Board of Trustees to perform due diligence Mon and Tue

Since the Board’s official website is an unhelpful mess, here are the times and agendas for the committee and board meetings Monday and Tuesday, along with a few excerpts and some commentary. All events in the Ford Alumni Center. Monday meetings start at 10:30, Tuesday at 10.

I’ll try and add a little live-blogging below, as the meetings progress. Meanwhile I’ll note that UO’s federal accreditors require the Board to conduct a self-study every two years:

2.A.8 The board regularly evaluates its performance to ensure its duties and responsibilities are fulfilled in an effective and efficient manner.

While OSU’s board posts their evaluations on the internet, UO’s Board secretary Angela Wilhems is making me file a public records request to see UO’s.


10:30 AM Monday 12/3: Academic and Student Affairs Committee:

Provost’s Quarterly Report

Provost Banavar gives the Senate and Sierra Dawson a shout-out on the Senate’s efforts to reform student evaluations, highlighting roll-out of our new non-metrics, and Ginger Clark’s (USC) talk to the Senate, here.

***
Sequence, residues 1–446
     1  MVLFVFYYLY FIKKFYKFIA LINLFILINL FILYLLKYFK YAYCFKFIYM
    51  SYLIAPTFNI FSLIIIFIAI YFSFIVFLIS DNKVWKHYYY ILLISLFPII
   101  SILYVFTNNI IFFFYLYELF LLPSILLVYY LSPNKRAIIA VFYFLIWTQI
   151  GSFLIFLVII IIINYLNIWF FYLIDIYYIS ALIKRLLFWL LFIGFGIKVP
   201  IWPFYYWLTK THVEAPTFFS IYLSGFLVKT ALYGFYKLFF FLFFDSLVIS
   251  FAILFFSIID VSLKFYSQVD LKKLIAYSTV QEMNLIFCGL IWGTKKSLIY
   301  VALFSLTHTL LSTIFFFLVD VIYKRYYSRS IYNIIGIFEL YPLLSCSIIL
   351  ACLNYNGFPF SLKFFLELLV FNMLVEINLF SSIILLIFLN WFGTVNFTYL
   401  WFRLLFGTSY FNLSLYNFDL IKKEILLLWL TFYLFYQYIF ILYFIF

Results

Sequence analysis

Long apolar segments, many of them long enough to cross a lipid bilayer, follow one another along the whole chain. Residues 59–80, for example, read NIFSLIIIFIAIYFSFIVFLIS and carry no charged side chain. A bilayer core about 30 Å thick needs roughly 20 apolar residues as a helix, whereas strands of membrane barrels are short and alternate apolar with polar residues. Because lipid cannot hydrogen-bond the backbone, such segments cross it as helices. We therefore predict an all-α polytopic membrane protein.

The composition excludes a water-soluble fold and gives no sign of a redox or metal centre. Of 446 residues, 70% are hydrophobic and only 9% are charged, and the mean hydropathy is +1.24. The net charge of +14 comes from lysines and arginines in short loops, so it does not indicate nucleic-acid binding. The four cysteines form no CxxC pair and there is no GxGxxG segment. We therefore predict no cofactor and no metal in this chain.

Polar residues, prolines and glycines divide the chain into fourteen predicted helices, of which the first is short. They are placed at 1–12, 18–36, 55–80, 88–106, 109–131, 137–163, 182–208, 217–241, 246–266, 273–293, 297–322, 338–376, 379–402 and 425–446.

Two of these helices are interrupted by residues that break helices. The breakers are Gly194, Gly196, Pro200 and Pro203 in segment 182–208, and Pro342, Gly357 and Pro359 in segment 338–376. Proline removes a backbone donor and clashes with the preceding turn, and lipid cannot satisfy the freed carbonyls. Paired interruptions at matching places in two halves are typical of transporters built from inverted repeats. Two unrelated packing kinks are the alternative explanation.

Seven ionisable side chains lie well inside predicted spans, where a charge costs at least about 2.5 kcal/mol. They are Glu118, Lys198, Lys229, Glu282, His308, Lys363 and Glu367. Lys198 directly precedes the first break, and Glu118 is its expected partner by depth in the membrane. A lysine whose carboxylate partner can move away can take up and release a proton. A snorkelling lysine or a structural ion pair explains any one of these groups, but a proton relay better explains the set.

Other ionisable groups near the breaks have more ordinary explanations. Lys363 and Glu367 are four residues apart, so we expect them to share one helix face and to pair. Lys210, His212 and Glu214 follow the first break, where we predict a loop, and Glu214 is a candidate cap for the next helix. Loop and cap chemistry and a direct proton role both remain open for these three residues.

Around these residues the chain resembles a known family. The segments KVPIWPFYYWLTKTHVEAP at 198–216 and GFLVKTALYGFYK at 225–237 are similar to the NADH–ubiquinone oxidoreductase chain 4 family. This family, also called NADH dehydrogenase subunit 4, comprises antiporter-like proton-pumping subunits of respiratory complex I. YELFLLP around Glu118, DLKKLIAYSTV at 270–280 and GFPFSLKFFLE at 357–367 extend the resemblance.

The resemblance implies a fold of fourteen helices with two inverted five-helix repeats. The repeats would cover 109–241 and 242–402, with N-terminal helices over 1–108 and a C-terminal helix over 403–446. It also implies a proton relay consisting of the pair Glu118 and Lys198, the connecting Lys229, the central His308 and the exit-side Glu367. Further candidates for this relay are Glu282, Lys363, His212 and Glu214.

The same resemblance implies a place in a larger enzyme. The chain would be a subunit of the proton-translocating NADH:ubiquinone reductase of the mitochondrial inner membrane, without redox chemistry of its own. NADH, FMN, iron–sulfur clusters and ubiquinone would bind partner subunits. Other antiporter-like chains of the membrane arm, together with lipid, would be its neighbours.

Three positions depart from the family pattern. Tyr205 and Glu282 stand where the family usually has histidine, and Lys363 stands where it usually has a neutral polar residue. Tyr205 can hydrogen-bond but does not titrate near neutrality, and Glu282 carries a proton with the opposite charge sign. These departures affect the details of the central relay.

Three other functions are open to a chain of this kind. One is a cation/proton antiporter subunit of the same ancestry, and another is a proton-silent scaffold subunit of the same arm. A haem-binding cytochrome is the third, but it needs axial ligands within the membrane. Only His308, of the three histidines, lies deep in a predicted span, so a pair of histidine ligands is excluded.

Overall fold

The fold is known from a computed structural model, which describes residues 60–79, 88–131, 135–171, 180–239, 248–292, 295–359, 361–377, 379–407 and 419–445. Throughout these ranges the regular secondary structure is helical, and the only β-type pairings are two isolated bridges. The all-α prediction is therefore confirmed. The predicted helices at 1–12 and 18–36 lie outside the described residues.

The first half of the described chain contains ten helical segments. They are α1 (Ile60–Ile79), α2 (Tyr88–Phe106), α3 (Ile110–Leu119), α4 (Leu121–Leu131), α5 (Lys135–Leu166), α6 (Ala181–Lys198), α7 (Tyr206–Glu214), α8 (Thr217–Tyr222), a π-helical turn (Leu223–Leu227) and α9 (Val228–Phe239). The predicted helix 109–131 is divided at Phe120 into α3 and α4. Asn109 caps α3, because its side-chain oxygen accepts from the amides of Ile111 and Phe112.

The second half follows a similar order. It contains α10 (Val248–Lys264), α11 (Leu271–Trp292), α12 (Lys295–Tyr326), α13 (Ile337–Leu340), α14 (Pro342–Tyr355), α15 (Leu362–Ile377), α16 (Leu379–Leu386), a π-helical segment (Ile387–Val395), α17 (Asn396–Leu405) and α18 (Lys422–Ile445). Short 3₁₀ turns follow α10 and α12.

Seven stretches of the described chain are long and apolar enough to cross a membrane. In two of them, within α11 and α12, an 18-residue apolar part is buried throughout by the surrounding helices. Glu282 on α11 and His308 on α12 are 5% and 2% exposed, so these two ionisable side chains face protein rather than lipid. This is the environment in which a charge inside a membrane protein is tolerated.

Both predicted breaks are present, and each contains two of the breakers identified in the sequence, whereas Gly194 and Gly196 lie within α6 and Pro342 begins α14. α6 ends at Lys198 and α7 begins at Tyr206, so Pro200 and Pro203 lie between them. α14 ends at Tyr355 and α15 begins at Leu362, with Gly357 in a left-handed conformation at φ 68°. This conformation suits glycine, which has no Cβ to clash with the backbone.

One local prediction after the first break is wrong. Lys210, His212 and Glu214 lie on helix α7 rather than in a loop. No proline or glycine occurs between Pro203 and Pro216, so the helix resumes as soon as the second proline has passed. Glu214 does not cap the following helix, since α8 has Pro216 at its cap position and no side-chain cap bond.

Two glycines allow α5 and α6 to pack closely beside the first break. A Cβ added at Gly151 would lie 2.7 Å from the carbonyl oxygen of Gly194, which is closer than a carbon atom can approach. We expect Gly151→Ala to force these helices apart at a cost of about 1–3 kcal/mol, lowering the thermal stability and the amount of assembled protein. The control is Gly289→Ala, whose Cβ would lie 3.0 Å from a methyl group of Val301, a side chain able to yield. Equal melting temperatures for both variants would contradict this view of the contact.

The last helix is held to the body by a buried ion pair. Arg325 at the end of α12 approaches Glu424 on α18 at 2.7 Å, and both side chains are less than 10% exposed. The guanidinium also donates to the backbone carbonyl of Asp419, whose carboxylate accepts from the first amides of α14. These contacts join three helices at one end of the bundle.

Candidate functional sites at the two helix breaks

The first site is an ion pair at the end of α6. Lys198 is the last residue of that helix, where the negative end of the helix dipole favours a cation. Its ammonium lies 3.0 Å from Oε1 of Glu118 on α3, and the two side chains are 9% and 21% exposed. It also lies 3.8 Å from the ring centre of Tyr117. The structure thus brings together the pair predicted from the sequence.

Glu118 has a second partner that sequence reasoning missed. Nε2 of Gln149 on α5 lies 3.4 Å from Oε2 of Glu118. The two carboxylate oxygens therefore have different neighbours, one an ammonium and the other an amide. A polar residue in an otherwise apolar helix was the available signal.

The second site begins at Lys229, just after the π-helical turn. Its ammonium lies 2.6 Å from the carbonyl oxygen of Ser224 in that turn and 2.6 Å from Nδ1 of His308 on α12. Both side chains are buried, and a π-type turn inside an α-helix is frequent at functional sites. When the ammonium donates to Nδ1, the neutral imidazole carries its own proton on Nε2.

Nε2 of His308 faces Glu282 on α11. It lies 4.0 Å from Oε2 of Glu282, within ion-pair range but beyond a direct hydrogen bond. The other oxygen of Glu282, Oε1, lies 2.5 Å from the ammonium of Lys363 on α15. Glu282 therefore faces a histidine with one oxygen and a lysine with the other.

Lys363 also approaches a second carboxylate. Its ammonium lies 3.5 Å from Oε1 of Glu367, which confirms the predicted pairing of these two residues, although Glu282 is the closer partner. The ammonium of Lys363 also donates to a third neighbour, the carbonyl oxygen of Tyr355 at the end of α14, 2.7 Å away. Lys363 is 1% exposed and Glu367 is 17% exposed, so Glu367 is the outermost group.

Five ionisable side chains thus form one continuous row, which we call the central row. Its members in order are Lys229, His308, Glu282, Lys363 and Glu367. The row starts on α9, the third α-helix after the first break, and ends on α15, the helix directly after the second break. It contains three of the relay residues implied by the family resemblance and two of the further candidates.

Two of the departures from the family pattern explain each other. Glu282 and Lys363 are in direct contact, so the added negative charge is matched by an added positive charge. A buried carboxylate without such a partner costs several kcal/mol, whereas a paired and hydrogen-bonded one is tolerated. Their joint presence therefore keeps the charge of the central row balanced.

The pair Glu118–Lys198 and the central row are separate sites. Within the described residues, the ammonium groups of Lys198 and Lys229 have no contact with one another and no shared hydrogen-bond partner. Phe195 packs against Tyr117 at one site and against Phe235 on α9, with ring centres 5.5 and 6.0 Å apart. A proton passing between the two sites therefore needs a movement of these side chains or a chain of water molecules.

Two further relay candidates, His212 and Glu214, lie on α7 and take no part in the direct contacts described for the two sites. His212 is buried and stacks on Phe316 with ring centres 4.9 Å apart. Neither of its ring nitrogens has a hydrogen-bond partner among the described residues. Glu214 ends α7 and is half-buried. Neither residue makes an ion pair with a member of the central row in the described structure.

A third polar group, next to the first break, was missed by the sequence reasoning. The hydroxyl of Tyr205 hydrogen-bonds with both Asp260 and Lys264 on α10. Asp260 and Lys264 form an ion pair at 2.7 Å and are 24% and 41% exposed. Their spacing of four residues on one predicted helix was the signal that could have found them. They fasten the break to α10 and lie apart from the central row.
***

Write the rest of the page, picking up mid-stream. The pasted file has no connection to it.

In other news, VP for Budget Planning will be retiring Jan 1 – but don’t get too excited, he’ll still be working half-time on budget planning etc.

1. Annual Enrollment and Financial Aid/Scholarship Report: Roger Thompson, Vice President for Student Services and Enrollment Management; Jim Brooks, Associate Vice President and Director of Financial Aid and Scholarships

For some reason Roger isn’t reporting SATs, or any info on our comparators. Spending on recruiting is way up – UO is hiring more recruiters and buy PSAT data and sending out mailers. It would be interesting to see those mailers – several parents have told me they’re not very impressed.

International enrollment down, overall freshman enrollment up 6%, out of state enrollment up, first-generation enrollment up:

Ford asks about transfer student numbers. Thompson reports it’s not good.

Jim Brooks then talks about financial aid. UO seems to be engaging in much more price-discrimination, with substantial increases in merit aid: 

Despite this, because of the tuition increases UO’s discount rate has barely budged, from 10 to 11% over the past few years. Student borrowing is down, parent borrowing is up.

In very good news, PathwayOregon enrollment (low-SES Oregon residents) is way up:

Lillis asks how UO compares to AAU in terms of federal aid. Brooks not sure.